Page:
Space and Your Place in It


You build on failure. You use it as a stepping stone. Close the door on the past. You don't try to forget the mistakes, but you don't dwell on it. You don't let it have any of your energy, or any of your time, or any of your space.
--Johnny Cash
Imagine this:
You are a normal-weight earthling who finds herself transported permanently to Planet Skinny where everything is half the normal earthly size.

The average chair is wide enough for a very slim earth person and able to hold a maximum of 110 pounds, which is considered obese on Planet Skinny. The space between table and seat in restaurant booths can comfortably accommodate someone with a 36" chest, so if you are any larger, you are resting your boobs on the table.

Flying is a nightmare; you must book your flights carefully, often paying for First Class or buying two seats.

In short, everywhere you go poses a hassle, so eventually you give up going out in public. Not only is the too-small infrastructure all wrong for your physical self, but the size discrimination, the finger pointing, nasty stares, and outright rude comments are just too much for you.

So you find yourself isolating yourself from other people.
Welcome to the world of the morbidly obese.

To a lesser extent, I can identify with this world. While I was in Macedonia, I noticed that chairs in restaurants were smaller, the space in booths tighter. In the U.S., the mildly obese might not notice infrastructure too much, but it's different in Europe. For example, the narrow chairs in one of my favorite restaurants (an Italian place) had arms, and my butt most definitely filled my chair.

I felt uncomfortable in those not-too-stable chairs, well aware that I was overweight, the arms digging into my sides.

I have to say, though, I never felt hostility over my weight, surprising given that overweight people are still somewhat uncommon in Eastern Europe, although this is slowly changing, now that the U.S. has exported McDonald's to Macedonia. I know of at least 4 McD stores in Skopje alone.
True side story: Last year, I was walking through the Center of Skopje, on my way to the University, when I overheard this conversation (in English):
American man: "So, you think we should bring Dunkin' Donuts to Skopje?"

Macedonian man: "That would be possible."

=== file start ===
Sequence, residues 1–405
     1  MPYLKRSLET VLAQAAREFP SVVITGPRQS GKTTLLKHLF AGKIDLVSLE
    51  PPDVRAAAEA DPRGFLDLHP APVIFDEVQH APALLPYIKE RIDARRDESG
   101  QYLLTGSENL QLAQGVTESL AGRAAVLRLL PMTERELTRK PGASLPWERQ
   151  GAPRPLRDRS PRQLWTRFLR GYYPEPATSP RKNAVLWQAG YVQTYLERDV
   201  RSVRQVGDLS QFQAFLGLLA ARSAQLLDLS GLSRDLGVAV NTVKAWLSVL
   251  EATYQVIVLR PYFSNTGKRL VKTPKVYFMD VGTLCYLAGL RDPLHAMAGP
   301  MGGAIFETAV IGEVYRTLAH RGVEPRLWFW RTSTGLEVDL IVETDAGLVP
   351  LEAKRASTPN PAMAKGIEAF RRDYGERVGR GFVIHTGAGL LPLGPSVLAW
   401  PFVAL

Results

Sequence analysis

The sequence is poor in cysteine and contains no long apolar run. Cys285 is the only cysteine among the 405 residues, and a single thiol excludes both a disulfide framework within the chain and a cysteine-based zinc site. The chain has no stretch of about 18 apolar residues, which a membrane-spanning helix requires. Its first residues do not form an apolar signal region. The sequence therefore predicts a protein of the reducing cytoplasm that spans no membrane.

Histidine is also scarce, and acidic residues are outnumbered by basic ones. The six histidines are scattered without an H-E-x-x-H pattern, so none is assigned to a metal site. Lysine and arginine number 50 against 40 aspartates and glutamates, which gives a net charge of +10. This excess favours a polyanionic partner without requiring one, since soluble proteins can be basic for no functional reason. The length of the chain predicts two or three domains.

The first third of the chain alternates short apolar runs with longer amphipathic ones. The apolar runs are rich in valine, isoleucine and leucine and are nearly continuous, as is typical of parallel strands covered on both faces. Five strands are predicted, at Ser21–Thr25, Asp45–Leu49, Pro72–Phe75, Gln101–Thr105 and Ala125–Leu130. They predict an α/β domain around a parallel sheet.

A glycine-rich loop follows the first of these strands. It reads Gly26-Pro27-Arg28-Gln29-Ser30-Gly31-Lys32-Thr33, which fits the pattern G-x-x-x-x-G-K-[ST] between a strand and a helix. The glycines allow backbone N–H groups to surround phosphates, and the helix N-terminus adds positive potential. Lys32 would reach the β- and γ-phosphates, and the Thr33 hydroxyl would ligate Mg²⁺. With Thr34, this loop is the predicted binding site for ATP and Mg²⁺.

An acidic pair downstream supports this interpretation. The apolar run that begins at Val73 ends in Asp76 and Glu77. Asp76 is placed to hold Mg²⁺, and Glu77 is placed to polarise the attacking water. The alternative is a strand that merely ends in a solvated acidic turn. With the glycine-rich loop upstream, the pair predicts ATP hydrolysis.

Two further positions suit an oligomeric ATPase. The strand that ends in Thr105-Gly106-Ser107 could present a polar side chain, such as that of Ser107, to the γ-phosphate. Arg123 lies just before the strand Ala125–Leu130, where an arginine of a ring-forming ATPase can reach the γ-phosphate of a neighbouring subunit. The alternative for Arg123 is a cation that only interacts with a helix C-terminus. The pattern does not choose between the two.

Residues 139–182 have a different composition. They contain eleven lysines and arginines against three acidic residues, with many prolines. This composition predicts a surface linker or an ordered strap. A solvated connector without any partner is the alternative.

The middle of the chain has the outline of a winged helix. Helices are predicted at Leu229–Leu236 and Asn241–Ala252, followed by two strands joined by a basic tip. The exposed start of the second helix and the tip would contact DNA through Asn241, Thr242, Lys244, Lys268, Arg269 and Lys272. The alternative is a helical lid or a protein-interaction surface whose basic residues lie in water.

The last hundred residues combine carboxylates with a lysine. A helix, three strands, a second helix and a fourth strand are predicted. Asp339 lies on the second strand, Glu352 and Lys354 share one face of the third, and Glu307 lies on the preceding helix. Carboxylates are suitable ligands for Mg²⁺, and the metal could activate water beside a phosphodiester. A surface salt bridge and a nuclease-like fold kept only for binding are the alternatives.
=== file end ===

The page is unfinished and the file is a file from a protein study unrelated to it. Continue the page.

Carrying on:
I wanted to jump in and say, "No, no, and no!" But, of course, I refrained, given that I wasn't supposed to be eavesdropping on a business conversation.
For an obese person, one's place in space is especially important because lack of adequate space is all around; thus, very obese people must always think ahead before going out into public and incorporate strategies for minimizing their impact on others' space as much as possible. Our culture is not very accommodating or kind to 300-1,000 pound people.

Most of us don't worry about ordinary activities, such as fitting in chairs, restaurant booths, airline seats (well, maybe airline seats), and walking just a few blocks.

Moreover, even if we are overweight or even slightly obese, we don't worry about breaking things if we walk or sit on them. We do these activities organically, without conscious thought.

It would be so easy to judge obese people, but unless you have walked in their shoes, you really cannot understand, and like Dr. Phil says,
You can't judge what you don't know.
I am convinced that we can best help the very obese by using positive (as opposed to negative) strategies to help them lose weight and live healthy lives.

For example,
--Offering comprehensive coverage for diet and exercise programs and (and, perhaps, vouchers for healthy foods), NOT raising insurance premiums for obese people.

--Praising for successes instead of belittling for failures.

--Start encouraging physical activity for all children via fun, organic activities, not enforced gym classes in stinky gyms. If nothing else, we can save the next generation from a life of obesity and obesity-related diseases.
Meanwhile, we all need understand that obese people need more space and definitely more understanding, even when we're sitting next to them on an airplane.

Believe me, most large people will do everything they can to minimize their impact on your space.

I know; I have been there, on that plane, next to an uncomfortable thin person, and I wasn't even encroaching on that person's personal space.

In closing, I am convinced that 99.9% of us don't want to be fat. We may have made poor food choices that got us there, and we may have allowed the situation to get out of control, but most of us would like to live long, healthy lives and weigh within normal weight ranges, or, at the very least, not to be obese.

I'm convinced that both government and private industry can help people to achieve these modest goals.

Ciao!

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